Ecstasy (MDMA)

Know the facts about Ecstasy/MDMA and connect with help and support to keep your child safe.

What are some slang terms?
Ecstasy, Adam, E, Molly, Roll, X, XTC

What is it?
MDMA or Ecstasy (3-4-methylenedioxymethampheta-mine), is a synthetic, psychoactive drug with amphetamine-like and hallucinogenic properties.

What does it look like?
Ecstasy comes in a tablet form that is often branded, e.g. Playboy bunnies, Nike swoosh, CK. MDMA also comes in a powder, capsule or liquid form.

How is it used?
Teens and young adults sometimes take Ecstasy in pill form at “raves,” clubs and other parties to keep on dancing and for mood enhancement.

What do young people hear about it?
Teens and young adults hear that Ecstasy produces intensely pleasurable effects — including a boost in energy and empathy. People who use Ecstasy say they experience feelings of closeness with others and a desire to touch others.

What are the risks?
Effects of using Ecstasy can include involuntary teeth clenching, a loss of inhibitions, nausea, blurred vision, chills and/or sweating. Increases in heart rate and blood pressure, as well as seizures, are also possible. The stimulant effects of the drug enable a person to dance for extended periods, which when combined with the hot crowded conditions usually found at raves, can lead to severe dehydration and hyperthermia (i.e. dramatic increases in body temperature). This can lead to muscle breakdown and kidney, liver and cardiovascular failure. Hyperthermia has also been reported in some of the Ecstasy-related deaths. After-effects can include sleep problems, anxiety and depression.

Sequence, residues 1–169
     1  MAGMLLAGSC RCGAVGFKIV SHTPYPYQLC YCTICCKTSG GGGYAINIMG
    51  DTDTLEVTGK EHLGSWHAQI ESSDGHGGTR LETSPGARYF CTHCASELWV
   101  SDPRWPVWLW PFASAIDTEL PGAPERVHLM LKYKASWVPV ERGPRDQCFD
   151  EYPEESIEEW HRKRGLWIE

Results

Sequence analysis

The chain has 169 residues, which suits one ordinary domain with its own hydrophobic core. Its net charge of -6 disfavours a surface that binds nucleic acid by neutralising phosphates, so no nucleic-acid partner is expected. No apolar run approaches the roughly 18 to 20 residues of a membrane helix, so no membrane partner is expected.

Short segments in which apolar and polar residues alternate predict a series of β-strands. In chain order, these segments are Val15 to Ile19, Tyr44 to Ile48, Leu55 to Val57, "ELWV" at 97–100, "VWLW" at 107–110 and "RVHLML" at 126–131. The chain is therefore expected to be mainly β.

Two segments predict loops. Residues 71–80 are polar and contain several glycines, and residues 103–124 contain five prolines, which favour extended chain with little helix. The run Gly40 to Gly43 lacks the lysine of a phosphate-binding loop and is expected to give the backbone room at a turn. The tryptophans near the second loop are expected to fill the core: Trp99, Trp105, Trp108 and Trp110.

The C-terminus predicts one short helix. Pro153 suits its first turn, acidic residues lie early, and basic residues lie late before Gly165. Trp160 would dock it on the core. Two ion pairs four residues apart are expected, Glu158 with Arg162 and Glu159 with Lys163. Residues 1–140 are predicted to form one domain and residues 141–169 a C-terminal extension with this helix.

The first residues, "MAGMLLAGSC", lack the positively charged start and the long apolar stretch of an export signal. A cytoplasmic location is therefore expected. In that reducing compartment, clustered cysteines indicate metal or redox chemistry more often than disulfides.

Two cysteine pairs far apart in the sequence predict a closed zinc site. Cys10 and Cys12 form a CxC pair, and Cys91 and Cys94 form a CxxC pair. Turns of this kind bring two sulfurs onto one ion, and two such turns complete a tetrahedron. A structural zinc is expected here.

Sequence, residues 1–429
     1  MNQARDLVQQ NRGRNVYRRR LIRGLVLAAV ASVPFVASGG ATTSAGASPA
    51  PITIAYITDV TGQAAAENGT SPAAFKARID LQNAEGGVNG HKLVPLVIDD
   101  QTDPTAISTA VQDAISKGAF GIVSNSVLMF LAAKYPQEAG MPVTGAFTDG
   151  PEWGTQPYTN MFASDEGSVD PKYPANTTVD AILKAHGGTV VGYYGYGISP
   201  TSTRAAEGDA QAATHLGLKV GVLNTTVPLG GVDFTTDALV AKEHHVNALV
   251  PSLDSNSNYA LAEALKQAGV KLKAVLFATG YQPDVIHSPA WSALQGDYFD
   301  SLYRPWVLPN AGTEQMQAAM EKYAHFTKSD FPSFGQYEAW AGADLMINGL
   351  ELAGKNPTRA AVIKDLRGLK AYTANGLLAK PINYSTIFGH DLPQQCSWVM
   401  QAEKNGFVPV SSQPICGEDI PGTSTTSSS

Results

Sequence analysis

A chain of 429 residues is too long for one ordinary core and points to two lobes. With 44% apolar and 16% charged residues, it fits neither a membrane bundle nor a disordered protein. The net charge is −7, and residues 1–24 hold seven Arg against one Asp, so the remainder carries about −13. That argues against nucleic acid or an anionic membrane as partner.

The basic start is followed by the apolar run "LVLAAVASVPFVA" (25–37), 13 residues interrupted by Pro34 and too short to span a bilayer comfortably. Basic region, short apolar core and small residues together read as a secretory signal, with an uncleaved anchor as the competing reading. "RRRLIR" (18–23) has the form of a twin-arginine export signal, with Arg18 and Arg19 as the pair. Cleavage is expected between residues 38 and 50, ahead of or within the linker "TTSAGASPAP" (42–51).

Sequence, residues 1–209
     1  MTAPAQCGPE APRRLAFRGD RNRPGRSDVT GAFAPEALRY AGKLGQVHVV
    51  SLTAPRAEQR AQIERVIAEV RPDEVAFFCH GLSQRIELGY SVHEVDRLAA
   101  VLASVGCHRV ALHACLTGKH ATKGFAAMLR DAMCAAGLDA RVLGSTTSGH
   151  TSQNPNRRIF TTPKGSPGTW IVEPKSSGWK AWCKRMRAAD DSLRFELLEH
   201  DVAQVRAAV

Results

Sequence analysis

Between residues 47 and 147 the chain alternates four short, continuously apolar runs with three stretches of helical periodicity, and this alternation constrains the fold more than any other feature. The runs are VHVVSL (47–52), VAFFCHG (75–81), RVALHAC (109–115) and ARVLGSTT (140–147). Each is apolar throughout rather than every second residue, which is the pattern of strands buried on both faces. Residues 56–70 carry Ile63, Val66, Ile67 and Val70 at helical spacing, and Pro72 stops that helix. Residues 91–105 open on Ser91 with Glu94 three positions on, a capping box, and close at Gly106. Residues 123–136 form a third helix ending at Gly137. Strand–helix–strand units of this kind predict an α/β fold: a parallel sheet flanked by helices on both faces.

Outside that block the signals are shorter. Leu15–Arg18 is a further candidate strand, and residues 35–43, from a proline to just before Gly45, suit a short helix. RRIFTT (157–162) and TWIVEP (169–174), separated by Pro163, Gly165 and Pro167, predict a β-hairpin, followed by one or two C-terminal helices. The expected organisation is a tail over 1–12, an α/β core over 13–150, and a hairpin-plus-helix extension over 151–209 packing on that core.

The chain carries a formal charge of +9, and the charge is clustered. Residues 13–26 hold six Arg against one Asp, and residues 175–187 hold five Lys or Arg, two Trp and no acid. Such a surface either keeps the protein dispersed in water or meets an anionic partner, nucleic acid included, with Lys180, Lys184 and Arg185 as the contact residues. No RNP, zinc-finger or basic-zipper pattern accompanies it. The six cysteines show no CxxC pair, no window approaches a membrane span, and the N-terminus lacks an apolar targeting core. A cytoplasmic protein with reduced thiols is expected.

Repeated use of Ecstasy ultimately may damage the cells that produce the brain chemical serotonin, which has an important role in the regulation of mood, appetite, learning and memory. There is research suggesting Ecstasy use can disrupt or interfere with memory.

In many cases, people who purchase powder or capsules sold as Molly get other drugs such as “Bath Salts” instead. Because the drug promotes a feeling of trust and closeness, its use may encourage unsafe sexual behavior, increasing the risk of contracting or transmitting HIV/AIDS or hepatitis.

Researchers are studying MDMA in clinical trials as a possible treatment for post-traumatic stress disorder (PTSD) and anxiety in terminally ill patients, and for social anxiety in autistic adults.

What are signs of use?

  • Involuntary teeth clenching
  • Loss of inhibitions
  • Nausea
  • Blurred vision
  • Chills and/or sweating
  • Increases in heart rate and blood pressure
  • Sleep problems
  • Anxiety
  • Depression
Source: National Institute on Drug Abuse (NIDA); Drug Enforcement Agency (DEA)

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Next Steps

Risk Factors & Why Teens Use

Identify whether your child could be at higher risk for drug or alcohol use, and learn common reasons for why young people may use.

Look for Warning Signs

Do you think your child may be using drugs? If so, have you noticed any of these changes or warning signs?